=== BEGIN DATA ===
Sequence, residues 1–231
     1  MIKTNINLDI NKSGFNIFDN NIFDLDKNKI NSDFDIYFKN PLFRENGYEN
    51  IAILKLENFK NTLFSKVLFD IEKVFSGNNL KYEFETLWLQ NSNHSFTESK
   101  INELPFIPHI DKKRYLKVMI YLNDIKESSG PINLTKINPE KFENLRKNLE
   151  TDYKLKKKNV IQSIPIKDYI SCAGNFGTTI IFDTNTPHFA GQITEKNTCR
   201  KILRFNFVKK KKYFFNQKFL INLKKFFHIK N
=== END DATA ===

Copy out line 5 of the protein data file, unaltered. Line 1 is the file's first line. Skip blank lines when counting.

   151  TDYKLKKKNV IQSIPIKDYI SCAGNFGTTI IFDTNTPHFA GQITEKNTCR